The Best Rewards Credit Cards
Best for Cash Back
Best for Gas and Groceries
Best for Travel
Best for Airline Rewards
Best for Low Credit
How We Found the Best Rewards Credit Card
5 Major Card Types
4 Key Features
5 Top Picks
Our favorite cards from our partners and the marketplace.
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The Best Rewards Credit Card
Choosing the best rewards credit card comes down to your spending habits and reward preferences. After all, not all cards offer the same type of rewards. However, we narrowed it down to five types that will offer the best potential value for most people. We’re confident our top picks are the best available, but only you can decide what your needs and spending habits are.
The U.S. Bank Cash+™ Visa Signature® Card is our top pick for a cash-back rewards card. It’s a rotating card, meaning you earn better rewards on specific spending categories each quarter. However, the card allows you to choose from the available categories, so you can target your common expenses and maximize your rewards — unlike most rotating cards, which choose for you. For example, you earn 2% cash back for everyday expense categories such as gas or groceries. The rate increases to 5% back for additional expense categories ranging from cell phone bills to gym memberships. The good part: Reward rates are high, and customizing your spending categories can lead to greater rewards in the long run. The best part? The rewards are cash-based, which means you can use them on any expense you want. In short, this card provides the best long-term value for most people who want a rewards card.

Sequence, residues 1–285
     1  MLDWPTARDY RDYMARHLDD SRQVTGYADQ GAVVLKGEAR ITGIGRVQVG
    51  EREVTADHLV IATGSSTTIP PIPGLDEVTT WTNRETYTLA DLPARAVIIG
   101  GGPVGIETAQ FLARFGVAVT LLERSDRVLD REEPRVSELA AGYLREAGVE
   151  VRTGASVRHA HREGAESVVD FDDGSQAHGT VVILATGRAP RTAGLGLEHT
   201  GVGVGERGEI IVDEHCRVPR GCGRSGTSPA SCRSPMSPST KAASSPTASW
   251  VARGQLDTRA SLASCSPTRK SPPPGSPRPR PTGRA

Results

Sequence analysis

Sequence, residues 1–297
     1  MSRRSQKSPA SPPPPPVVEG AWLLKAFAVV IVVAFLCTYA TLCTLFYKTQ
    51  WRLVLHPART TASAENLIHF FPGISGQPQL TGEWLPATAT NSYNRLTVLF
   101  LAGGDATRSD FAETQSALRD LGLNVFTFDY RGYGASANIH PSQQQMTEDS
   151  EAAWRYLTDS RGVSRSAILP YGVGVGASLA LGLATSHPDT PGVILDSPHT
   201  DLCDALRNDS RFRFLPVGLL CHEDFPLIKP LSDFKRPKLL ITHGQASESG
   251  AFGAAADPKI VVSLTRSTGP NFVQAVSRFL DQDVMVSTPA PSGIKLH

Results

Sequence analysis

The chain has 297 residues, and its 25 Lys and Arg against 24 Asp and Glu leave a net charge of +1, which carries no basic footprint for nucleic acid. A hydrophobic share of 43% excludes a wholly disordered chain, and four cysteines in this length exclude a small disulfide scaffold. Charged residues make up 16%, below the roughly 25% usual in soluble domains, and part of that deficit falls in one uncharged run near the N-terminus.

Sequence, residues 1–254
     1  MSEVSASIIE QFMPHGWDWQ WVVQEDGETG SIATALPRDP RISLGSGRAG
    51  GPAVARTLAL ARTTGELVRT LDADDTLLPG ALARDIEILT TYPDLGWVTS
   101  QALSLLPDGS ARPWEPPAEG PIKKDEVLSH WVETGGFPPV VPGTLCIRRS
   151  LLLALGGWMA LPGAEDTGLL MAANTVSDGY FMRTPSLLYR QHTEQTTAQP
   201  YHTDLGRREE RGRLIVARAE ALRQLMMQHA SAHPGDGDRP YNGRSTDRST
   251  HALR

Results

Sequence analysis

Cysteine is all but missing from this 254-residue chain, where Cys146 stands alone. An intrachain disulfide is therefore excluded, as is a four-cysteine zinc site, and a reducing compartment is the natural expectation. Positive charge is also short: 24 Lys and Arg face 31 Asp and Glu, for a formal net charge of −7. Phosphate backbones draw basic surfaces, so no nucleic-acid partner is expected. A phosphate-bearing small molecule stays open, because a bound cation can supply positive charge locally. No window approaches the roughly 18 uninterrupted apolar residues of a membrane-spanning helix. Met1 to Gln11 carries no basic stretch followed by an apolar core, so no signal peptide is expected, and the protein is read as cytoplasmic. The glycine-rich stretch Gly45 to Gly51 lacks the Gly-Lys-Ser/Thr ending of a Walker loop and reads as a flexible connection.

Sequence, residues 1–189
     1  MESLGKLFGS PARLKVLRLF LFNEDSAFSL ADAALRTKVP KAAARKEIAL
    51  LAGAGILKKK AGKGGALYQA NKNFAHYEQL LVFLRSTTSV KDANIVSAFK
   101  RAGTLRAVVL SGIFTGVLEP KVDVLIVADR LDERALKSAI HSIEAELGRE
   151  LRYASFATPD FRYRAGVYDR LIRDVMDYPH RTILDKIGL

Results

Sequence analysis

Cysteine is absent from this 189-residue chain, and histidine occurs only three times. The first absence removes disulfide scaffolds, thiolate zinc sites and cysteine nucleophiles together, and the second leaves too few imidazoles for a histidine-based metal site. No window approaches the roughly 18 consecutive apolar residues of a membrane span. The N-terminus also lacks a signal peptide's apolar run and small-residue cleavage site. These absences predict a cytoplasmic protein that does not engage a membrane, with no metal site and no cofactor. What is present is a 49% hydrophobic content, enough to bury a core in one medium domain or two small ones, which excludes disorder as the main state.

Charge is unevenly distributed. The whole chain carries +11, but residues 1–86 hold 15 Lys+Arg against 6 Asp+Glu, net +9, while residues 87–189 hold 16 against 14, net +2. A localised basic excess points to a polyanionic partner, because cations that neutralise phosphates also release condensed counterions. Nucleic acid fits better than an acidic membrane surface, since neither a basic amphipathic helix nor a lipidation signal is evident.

If you spend a large amount of money on gas and groceries, we recommend the Blue Cash Preferred® Card from American Express. It offers an unlimited 3% cash back on gas and 6% back on groceries (up to $6,000 before dropping to 1%) throughout the entire year. No other rewards card we compared offered the same reward rate for these two common expenses. That said, all of your other purchases only earn you 1%, and you’ll be charged a $95 annual fee. The U.S. Bank Cash+ card provides better all-around value, but for families, commuters, or anyone who frequently spends on gas and groceries, the Blue Cash Preferred® is a great companion card and excellent investment.
For those who travel, the Capital One® Venture® Rewards Credit Card is tough to beat. You earn 2x miles per dollar on every purchase, which you can put toward travel expenses. Add to that a sign-up bonus of 50,000 points (a $500 value) for spending $3,000 in the first three months and you can book your next trip in no time. Additional perks, like 10x miles for every dollar spent on hotel bookings, ensure the card offers long-term value. You’ll have to pay the standard $95 annual fee, but it’s waived for the first year. If you don’t travel at least once a year, a cash-back card will be a better investment, but for frequent travelers the Capital One® Venture® Rewards is a smart choice.